A Bioabsorbable Everolimus-Eluting Coronary Stent System for Patients With Single De-Novo Coronary Artery Lesions - ABSORB: 6-month and 2-year results
The goal of the trial was to evaluate use of a bioabsorbable drug-eluting stent (DES) platform among patients undergoing elective percutaneous coronary intervention (PCI) for a de novo coronary lesion.
The use of the bioabsorbable everolimus-eluting stent would be feasible and safe at treating native coronary artery disease.
Patients Enrolled: 30
Mean Follow Up: 6 months
Single, de novo target lesion in a native artery with diameter of 3.0 mm, lesion length <8-14 mm, stenosis 50%-100%, and TIMI flow of at least 1
- Lesion within or distal to an arterial or saphenous vein graft
- Bifurcation lesions more than 2 mm in diameter
- Ostial lesion more than 40% stenosed or side branch requiring predilatation
- Total occlusion (TIMI flow 0) prior to wire passing
- Visible thrombus
- Another clinically significant lesion in the same target vessel
- Prior use of brachytherapy in any epicardial vessel
Cardiac death, myocardial infarction, or ischemia-driven target lesion revascularization
In-stent late loss, MLD, percent stenosis, percent volume obstruction, and incomplete stent apposition
The study was a first-in-man, nonrandomized, open-label study of a bioabsorbable DES platform. The stent eluted everolimus and was designed to absorb over time. The bioabsorbable structure of the stent is made of polylactic acid. Patients will be followed for up to 5 years. Patients will undergo angiography and intravascular ultrasound (IVUS) follow-up at 180 days and 2 years.
Patients were required to receive at least 75 mg of aspirin daily for 5 years and 75 mg of clopidogrel daily for 6 months.
Of the 30 patients randomized, three were excluded due to need for bailout stenting and one due to device failure. At baseline, mean minimum lumen diameter (MLD) was 1.10 mm, percent stenosis was 59%, and lesion length was 8.66 mm. Half of the lesions treated were in the left anterior descending artery and 65% were type B1 lesions. Post-procedure mean MLD was 2.33 mm and stenosis was 16%.
At 6-month angiographic follow-up, in-stent late loss was 0.44 mm, MLD was 1.88 mm, and stenosis was 27%. Intrastent neointimal hyperplasia on IVUS showed 5.54% volume obstruction. Incomplete apposition at 6 months was present in 16% of patients (n = 4/25) and late acquired incomplete apposition was present in 28% of patients (n = 7/25).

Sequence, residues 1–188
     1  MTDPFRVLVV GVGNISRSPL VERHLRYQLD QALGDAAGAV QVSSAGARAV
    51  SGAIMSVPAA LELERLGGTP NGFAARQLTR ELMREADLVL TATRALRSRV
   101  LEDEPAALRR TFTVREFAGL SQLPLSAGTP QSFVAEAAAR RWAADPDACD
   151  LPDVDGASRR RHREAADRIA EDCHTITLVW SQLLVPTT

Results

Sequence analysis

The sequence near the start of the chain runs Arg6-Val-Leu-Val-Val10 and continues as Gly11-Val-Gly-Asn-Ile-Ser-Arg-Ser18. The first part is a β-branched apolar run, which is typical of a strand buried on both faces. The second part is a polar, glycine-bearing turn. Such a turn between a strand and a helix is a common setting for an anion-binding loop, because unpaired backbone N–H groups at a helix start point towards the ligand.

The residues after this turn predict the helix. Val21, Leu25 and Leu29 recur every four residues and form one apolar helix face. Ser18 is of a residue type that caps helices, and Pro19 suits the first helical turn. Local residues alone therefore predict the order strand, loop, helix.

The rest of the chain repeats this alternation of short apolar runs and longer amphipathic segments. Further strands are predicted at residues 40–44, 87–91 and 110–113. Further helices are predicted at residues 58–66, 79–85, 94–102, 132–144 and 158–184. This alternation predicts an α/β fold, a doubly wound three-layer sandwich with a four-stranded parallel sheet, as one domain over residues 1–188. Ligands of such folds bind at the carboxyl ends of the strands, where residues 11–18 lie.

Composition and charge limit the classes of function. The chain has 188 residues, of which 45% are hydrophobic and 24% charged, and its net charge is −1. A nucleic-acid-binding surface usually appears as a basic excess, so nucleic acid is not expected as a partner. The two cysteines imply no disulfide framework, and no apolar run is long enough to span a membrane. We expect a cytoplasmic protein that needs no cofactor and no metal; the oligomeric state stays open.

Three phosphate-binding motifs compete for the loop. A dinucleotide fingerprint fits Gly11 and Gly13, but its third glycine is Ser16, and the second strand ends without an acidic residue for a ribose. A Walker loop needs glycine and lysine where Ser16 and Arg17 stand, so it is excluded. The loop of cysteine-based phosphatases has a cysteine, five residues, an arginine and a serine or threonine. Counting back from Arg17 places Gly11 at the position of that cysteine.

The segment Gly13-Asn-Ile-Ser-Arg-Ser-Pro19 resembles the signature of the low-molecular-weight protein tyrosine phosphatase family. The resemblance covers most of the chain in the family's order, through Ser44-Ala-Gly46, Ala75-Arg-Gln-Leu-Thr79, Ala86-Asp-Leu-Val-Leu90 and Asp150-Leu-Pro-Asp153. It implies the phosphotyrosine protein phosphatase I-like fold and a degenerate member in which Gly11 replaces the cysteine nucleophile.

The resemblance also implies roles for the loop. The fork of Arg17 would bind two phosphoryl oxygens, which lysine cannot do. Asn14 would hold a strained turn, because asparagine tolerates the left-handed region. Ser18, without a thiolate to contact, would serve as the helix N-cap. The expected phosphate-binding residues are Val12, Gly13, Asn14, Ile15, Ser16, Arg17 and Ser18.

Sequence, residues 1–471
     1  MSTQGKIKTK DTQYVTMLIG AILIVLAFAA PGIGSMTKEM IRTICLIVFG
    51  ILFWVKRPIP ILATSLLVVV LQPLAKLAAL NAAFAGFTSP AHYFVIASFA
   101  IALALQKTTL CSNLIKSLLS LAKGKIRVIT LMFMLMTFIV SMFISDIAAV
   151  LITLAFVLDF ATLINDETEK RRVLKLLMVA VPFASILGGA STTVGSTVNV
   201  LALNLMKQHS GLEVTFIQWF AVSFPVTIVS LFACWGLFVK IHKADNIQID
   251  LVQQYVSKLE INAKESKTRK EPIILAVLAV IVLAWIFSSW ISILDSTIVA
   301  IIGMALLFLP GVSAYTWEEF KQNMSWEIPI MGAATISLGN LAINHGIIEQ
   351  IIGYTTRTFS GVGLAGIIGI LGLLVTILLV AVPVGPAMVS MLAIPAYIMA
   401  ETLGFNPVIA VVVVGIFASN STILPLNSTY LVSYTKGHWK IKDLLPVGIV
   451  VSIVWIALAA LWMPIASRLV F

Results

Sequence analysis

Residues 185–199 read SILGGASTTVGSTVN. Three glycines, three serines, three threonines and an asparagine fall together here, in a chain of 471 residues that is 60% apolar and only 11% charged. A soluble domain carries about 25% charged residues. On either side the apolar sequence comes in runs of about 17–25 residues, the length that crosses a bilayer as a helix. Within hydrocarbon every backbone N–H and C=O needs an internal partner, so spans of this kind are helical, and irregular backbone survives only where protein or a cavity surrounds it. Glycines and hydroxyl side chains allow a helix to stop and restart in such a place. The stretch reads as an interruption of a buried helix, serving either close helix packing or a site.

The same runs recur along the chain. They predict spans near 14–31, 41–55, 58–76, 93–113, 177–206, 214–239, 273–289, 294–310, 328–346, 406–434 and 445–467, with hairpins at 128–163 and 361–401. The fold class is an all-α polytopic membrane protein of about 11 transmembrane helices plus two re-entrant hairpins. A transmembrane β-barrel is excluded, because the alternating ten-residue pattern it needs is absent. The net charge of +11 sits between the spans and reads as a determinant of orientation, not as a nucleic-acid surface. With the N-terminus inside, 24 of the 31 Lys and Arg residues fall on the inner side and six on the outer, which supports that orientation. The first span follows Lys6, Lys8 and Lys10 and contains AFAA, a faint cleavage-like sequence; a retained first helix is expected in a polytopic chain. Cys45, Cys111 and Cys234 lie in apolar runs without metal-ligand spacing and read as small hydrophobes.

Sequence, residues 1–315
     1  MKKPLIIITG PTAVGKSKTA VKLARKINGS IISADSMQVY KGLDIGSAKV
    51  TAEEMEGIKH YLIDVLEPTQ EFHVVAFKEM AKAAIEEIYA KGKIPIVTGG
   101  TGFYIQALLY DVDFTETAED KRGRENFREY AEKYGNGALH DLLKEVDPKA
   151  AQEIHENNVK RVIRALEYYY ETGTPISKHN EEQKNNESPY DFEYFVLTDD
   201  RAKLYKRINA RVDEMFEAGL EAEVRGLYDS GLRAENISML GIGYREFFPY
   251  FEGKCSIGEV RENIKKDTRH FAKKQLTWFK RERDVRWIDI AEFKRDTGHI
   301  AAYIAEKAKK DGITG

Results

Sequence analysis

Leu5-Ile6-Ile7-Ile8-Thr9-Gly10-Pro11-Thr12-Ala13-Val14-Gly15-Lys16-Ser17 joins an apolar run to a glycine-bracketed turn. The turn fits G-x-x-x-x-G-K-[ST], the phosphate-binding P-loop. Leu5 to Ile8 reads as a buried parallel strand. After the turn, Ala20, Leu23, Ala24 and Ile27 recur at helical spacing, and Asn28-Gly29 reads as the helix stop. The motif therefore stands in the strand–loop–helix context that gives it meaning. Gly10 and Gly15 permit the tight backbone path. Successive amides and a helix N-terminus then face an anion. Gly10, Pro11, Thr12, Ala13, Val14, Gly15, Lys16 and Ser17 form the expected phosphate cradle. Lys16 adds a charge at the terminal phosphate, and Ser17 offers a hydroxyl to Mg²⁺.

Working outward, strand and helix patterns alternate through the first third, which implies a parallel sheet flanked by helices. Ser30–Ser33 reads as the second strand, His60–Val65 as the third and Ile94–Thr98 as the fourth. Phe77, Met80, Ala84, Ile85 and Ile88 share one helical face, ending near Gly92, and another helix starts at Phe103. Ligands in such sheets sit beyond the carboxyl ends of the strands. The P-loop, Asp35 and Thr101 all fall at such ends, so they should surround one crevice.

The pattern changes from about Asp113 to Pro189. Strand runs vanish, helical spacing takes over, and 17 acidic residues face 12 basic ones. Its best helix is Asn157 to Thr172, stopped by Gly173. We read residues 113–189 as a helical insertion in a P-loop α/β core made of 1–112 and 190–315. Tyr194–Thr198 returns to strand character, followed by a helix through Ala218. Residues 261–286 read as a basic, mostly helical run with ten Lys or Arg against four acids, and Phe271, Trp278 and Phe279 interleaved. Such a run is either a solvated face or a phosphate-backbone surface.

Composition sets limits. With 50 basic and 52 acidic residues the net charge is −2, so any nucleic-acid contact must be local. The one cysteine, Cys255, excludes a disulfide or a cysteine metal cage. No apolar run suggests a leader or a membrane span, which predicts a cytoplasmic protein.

At 12-month clinical follow-up, one patient had a non-Q-wave myocardial infarction (3.3%). There were no other major adverse clinical events (no cardiac death or ischemia-driven target lesion revascularization). There were no cases of stent thrombosis through 12 months.
At 2 years, there were no cardiac deaths, one non-Q-wave myocardial infarction, no ischemia-driven target lesion revascularization, and no stent thromboses. In-stent late loss was 0.48 mm, MLD was 1.76 mm, and stenosis was 27%.
Among patients undergoing elective PCI for a single de novo coronary lesion, short- and longer-term follow-up data in a very small number of patients have shown feasibility of use of the bioabsorbable everolimus-eluting stent in this first-in-man, nonrandomized registry.
Bioabsorbable stents are an important development for future PCI devices. The data from the present nonrandomized registry study of 30 patients shows feasibility, as well as important data regarding safety and efficacy of the device. Large-scale, randomized trials that follow patients for several years will additionally be required, particularly since the excess in late stent thrombosis observed with first generation DES did not begin to emerge until after 1 year post-PCI. In-stent late loss in the present study appears to be comparable with other trials of DES such as TAXUS IV, in which the paclitaxel-eluting stent group had a mean in-stent late loss of 0.39 mm. The late lumen loss seen with this stent was mostly due to a reduction in stent area, along with some neointimal hyperplasia.
Serruys PW, Ormiston JA, Onuma Y, et al. A bioabsorbable everolimus-eluting coronary stent system (ABSORB): 2-year outcomes and results from multiple imaging methods. Lancet 2009;373:897-910.
Presented by Dr. Patrick W. Serruys at the i2 Summit/American College of Cardiology Annual Scientific Session, New Orleans, LA, March 2007.
Ormiston JA, Serruys PW, Regar E, et al. A Bioabsorbable Everolimus-Eluting Coronary Stent System for Patients With Single De-Novo Coronary Artery Lesions (ABSORB): A Prospective Open-Label Trial Topic: Interventional Cardiology. Lancet 2008;371:899-907.
Keywords: Coronary Artery Disease, Myocardial Infarction, Follow-Up Studies, Drug-Eluting Stents, Sirolimus, Constriction, Pathologic, Hyperplasia, Percutaneous Coronary Intervention, Equipment Failure, Stents, Paclitaxel, Registries, Polymers, Thrombosis, Lactic Acid
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